Ladies and Gentlemen: Gridlock Is Good

George Yacik - Contributor - Fed & Interest Rates

One of the marvels of the continued bull market in stocks this year – and to a much lesser extent in bonds, too – is that it’s taking place in spite of what appears to be a tremendous amount of dysfunction and conflict within the federal government. But it’s perhaps more accurate to say that the bull market continues to motor on because of, rather than in spite of, the gridlock.

Leave it to the Republican Party to create government gridlock single-handedly – without any assistance from the opposition party. Here is a party that controls both houses of Congress and the presidency and yet still manages to screw things up.

Then again, maybe it’s wrong to think of Donald Trump as a Republican president. Rather, perhaps the correct way to think of Trump is as America’s first Third Party President, who just happened to use the machinery of the Republican Party to get elected, but is no more a Republican than Ross Perot was.

Quite clearly there are three active parties, or factions, in Washington, and all of them are aligned against each other – the Republicans, the Democrats, and the White House. Continue reading "Ladies and Gentlemen: Gridlock Is Good"

Coming Soon: Uncle Sam's Credit Cards

George Yacik - Contributor - Fed & Interest Rates

If you were in the market for a new credit card or needed a loan to buy a car, would you think to go to some federal agency to get one?

Not right now, maybe, but we seem to be headed in that direction—and very quickly, too.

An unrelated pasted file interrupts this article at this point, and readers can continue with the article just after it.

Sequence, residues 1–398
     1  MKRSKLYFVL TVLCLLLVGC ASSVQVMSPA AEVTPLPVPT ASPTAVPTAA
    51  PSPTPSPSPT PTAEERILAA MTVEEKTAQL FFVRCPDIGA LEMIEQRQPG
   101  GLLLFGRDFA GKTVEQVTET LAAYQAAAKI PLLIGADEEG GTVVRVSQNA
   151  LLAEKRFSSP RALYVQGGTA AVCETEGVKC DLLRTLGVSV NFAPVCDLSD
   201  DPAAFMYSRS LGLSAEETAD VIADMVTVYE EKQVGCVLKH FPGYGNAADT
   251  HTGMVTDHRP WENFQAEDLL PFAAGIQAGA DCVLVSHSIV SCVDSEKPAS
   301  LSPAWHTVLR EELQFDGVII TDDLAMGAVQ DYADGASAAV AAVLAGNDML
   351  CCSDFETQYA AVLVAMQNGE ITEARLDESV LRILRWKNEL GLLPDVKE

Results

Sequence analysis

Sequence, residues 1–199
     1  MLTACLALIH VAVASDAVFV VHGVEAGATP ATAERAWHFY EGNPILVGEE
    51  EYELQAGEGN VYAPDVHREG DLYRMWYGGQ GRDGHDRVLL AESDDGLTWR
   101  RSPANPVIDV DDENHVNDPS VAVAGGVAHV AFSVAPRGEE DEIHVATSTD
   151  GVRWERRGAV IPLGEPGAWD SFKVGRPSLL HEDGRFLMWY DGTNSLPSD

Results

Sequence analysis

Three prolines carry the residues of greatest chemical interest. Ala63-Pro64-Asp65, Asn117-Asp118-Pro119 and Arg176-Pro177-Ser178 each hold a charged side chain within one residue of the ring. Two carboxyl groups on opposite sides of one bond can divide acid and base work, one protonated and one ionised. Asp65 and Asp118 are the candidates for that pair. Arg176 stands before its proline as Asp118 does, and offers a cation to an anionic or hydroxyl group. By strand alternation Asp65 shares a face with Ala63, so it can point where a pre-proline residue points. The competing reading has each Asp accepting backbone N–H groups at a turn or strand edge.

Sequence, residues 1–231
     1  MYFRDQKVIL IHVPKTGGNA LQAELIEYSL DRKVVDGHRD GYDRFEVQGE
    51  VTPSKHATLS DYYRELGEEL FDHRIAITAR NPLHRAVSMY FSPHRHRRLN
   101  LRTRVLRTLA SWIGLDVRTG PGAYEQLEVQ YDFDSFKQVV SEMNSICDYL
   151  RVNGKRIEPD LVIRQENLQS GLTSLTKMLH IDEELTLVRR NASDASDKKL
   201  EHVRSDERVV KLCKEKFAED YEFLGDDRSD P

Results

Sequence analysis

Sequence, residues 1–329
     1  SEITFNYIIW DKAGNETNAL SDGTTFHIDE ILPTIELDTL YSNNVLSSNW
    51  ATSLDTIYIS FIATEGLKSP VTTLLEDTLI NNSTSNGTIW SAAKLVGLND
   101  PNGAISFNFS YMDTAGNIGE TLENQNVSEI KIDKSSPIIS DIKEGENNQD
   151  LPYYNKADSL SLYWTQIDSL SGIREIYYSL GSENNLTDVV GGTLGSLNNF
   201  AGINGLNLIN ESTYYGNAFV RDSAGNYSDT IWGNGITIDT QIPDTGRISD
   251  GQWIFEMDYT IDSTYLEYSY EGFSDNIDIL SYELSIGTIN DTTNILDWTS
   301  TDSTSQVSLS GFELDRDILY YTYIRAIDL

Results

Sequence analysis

And the idea isn’t all that far-fetched when you come to think of it. The federal government is already heavily involved in consumer lending, either directly or indirectly. It’s the biggest player by far in the two biggest consumer loan businesses. Getting into new areas like credit cards and auto loans isn’t a terribly big leap.

It’s fairly safe to say that the residential mortgage market would barely exist were it not for the government-sponsored enterprises like Fannie Mae and Freddie Mac, plus other government agencies like the FHA, VA, and USDA. While these agencies don’t make loans themselves, they buy them from private lenders, stamping a federal guarantee on them in the process. Before the global financial crisis, there was a thriving market for private mortgages through a private secondary market, but since then that market has largely ceased to exist, except for a smattering of securities backed by jumbo loans, those too large for the federal agencies to buy. That leaves the government with about a 90% or more market share. Prior to the financial crisis, the government still commanded a market share of about 50%. Continue reading "Coming Soon: Uncle Sam's Credit Cards"